Honored guests and representatives of governments, members of the Organizing Committee of the World Conference Against Atomic and Hydrogen Bombs, friends and colleagues in the peace movement:
THE CHILDREN OF CLARK AND SUBIC HAVE THE RIGHT TO LIVE! "THEY NEVER ASKED TO LIVE IN A TOXIC DUMP."
Last August 18, 2000 a damage suit was filed in Philippine Courts by the victims and relatives of toxic waste contamination at communities surrounding the former US bases of Clark and Subic against the United states government as the principal accused. This highlights the efforts of non-State actors or NGOs in seeking environmental justice. The filing of damage suit followed a historic "Mothers' March for Toxic Waste Victims" in front of the U.S. Embassy in Manila where a big number of mothers from the province of Pampanga and Olongapo City participated. Ironically, most of the communities surrounding the bases were previously considered "pro-US bases strongholds" if not relatively apolitical communities concerned only with the day to day economic survival within a base economy during the 72 years of US military bases in the Philippines. Today, these heavily contaminated communities have closed ranks with the NGOs which have long advocated the removal of US military forces in what is now considered a historic if not landmark health and environmental issue. It is undoubtedly, an uphill battle where all the odds are stacked against the indigent toxic victims and their poor families who are confronting the world's most powerful military from the richest nation on earth -- the United States -- which has a US$300 Billion annual defense budget!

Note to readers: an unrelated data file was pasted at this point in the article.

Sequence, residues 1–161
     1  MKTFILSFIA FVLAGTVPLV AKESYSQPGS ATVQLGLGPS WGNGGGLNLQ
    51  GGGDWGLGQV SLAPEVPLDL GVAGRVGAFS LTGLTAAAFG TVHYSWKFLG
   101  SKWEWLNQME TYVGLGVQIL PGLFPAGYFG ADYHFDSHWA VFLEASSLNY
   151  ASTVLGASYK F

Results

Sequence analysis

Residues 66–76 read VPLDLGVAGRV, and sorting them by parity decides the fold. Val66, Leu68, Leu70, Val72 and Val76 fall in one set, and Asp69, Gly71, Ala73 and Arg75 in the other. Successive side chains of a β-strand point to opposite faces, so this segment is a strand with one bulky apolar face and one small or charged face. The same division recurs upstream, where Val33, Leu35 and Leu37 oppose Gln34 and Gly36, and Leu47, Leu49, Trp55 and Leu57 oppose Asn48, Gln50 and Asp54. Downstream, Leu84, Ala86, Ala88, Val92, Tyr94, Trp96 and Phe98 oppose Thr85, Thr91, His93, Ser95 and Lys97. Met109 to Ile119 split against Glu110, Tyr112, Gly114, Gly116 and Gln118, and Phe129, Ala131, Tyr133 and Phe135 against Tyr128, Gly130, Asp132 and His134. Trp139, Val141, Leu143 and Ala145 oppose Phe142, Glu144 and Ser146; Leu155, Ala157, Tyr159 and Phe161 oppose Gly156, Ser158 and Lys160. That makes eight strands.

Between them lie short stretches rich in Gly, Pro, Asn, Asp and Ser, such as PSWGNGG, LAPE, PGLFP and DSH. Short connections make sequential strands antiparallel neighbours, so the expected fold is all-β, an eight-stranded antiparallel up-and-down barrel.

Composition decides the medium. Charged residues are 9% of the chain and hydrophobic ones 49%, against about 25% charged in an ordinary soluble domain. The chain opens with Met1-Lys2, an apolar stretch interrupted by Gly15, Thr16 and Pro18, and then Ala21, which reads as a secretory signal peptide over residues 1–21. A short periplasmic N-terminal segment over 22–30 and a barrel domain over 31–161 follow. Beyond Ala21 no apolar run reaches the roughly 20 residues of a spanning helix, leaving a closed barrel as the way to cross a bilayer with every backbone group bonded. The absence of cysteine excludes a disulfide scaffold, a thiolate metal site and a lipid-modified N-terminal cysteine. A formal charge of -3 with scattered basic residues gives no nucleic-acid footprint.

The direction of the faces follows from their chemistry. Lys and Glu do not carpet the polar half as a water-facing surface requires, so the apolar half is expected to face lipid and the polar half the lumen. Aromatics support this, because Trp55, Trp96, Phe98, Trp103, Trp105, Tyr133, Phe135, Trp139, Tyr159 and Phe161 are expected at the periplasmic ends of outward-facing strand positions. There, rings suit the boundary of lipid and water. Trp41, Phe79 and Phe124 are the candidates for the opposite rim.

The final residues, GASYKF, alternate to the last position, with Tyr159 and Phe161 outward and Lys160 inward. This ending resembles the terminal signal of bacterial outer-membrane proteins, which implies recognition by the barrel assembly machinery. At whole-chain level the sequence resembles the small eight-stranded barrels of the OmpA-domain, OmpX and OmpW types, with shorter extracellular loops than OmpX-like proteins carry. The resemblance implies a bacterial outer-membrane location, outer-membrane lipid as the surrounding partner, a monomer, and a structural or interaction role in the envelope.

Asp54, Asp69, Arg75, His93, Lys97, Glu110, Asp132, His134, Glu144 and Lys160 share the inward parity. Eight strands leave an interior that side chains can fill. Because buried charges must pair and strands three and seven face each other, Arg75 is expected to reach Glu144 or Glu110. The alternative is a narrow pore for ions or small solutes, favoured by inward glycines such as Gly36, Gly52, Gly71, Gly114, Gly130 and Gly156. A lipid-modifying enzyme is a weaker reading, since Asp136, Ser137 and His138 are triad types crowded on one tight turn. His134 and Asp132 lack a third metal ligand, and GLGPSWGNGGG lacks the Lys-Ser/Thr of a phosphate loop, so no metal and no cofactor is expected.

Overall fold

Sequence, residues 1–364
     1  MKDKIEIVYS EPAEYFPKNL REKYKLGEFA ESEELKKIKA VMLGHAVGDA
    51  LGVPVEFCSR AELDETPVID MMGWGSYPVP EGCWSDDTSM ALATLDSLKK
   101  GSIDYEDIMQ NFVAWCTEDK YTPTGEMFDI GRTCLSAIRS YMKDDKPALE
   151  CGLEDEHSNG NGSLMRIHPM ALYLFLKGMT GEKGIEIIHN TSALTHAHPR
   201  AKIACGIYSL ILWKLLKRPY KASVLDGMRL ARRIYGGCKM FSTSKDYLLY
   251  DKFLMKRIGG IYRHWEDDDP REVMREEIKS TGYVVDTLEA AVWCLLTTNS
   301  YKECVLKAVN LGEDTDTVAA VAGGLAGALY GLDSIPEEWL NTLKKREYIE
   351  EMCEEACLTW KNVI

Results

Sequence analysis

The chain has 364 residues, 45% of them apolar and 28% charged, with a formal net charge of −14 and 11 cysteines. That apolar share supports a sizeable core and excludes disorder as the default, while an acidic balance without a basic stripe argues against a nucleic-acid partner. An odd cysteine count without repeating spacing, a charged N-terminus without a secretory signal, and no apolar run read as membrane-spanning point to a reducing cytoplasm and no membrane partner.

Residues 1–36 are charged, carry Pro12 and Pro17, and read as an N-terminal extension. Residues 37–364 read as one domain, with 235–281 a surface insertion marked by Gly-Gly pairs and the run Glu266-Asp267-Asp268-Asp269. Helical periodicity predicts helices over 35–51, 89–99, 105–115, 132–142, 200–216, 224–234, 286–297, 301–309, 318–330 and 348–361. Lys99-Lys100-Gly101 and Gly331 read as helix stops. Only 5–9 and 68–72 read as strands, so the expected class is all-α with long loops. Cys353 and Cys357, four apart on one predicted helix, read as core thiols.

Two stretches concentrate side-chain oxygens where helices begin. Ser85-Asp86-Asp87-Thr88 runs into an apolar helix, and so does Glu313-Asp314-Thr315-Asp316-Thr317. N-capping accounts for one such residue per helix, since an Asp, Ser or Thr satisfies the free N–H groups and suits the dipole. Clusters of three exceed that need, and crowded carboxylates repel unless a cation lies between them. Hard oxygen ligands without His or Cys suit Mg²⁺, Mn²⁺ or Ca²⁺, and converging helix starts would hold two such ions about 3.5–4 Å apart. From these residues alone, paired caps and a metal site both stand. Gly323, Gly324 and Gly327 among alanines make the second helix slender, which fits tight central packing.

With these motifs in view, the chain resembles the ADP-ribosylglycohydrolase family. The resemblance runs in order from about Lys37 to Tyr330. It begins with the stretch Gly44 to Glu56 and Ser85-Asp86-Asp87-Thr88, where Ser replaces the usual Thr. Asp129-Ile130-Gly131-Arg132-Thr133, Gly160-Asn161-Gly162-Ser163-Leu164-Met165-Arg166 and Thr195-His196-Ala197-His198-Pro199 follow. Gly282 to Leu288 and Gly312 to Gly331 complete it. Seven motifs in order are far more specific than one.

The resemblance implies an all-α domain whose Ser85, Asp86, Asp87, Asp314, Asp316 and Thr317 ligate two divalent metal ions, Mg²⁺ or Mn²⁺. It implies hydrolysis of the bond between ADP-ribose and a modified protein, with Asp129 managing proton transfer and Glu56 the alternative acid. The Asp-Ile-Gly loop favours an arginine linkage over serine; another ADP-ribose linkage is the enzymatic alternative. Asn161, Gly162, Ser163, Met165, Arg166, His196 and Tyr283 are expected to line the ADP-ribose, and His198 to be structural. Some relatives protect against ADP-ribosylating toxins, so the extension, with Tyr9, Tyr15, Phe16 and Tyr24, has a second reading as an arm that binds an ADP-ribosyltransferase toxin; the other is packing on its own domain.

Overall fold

Health and even Philippine environment were victims of the political minefield in Philippine-US relations. New documented evidence -- contrary to earlier perceptions -- that the US government did not even prepare or much more recognize that there were potential health and environmental problems at Clark and Subic. The existence of draft plans dated May 15, 1991 under the title, "action Memorandum for environmental restoration Policies for Overseas (ERPO) Installations" and "Environmental Considerations and actions Applicable to Installations Being Returned to Host Nation" demolishes the official "No Legal Responsibility" position of the US government. The US Department of Defense has a program called ERPO where, "Department of Defense Components will be responsible for the specific clean-up requirements and for the execution of the actual clean-up efforts when required." These draft health and environmental plans, which could have prevented countless deaths by Filipino victims of toxic contamination in the former bases, evidently were never acted upon, or implemented in the Philippines. This retaliatory measure of not implementing health and environmental restoration policies after the closure of the bases has cost lives and maimed generations of Filipino children and women as well as other Filipinos residing near the former bases. This hostile attitude operationalizes what former US Admiral Eugene Carroll described as "national security taking absolute priority over all other considerations," that is, over health, environment and human rights concerns. The proposed US health and environmental policy, which actually recognized that there were potential serious health and environmental problems, never went forward and contradicted subsequent official US positions on the matter. The welfare, health and safety of the Filipino people thus fell victim to a superpower's geopolitical considerations and strategy. These documents also show that the US Department of Defense has the capacity and resources (but did not mobilize them) thru an existing Environmental Restoration Program to identify the contamination and eventually clean-up as it has done in the former bases in the United States and overseas.